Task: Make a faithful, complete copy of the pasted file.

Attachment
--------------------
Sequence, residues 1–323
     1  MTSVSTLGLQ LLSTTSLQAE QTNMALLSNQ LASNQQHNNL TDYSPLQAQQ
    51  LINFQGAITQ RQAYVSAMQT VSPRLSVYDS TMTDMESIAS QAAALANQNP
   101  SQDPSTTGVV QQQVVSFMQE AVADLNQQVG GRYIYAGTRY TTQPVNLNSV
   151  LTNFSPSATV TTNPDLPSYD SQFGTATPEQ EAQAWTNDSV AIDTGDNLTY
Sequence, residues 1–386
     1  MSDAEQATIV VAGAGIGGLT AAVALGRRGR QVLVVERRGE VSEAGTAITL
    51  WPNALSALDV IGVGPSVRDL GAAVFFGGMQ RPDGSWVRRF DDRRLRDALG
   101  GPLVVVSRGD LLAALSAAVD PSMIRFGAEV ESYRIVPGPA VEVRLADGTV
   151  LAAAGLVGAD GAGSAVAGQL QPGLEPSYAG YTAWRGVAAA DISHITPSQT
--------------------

Sequence, residues 1–323
     1  MTSVSTLGLQ LLSTTSLQAE QTNMALLSNQ LASNQQHNNL TDYSPLQAQQ
    51  LINFQGAITQ RQAYVSAMQT VSPRLSVYDS TMTDMESIAS QAAALANQNP
   101  SQDPSTTGVV QQQVVSFMQE AVADLNQQVG GRYIYAGTRY TTQPVNLNSV
   151  LTNFSPSATV TTNPDLPSYD SQFGTATPEQ EAQAWTNDSV AIDTGDNLTY
Sequence, residues 1–386
     1  MSDAEQATIV VAGAGIGGLT AAVALGRRGR QVLVVERRGE VSEAGTAITL
    51  WPNALSALDV IGVGPSVRDL GAAVFFGGMQ RPDGSWVRRF DDRRLRDALG
   101  GPLVVVSRGD LLAALSAAVD PSMIRFGAEV ESYRIVPGPA VEVRLADGTV
   151  LAAAGLVGAD GAGSAVAGQL QPGLEPSYAG YTAWRGVAAA DISHITPSQT